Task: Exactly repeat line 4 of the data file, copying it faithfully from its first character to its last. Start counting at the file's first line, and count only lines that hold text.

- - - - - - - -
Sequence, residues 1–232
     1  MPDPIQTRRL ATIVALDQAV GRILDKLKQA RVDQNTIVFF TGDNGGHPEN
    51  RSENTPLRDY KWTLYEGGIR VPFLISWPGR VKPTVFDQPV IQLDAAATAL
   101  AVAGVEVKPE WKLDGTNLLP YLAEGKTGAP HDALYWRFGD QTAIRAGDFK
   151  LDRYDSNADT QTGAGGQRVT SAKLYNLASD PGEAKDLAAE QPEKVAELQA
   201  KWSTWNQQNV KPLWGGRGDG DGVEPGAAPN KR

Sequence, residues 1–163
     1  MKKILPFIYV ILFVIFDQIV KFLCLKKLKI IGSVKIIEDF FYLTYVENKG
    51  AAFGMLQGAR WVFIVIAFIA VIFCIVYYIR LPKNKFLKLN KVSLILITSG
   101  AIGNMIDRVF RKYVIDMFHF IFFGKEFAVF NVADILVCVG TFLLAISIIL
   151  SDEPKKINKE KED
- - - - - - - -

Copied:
   101  AVAGVEVKPE WKLDGTNLLP YLAEGKTGAP HDALYWRFGD QTAIRAGDFK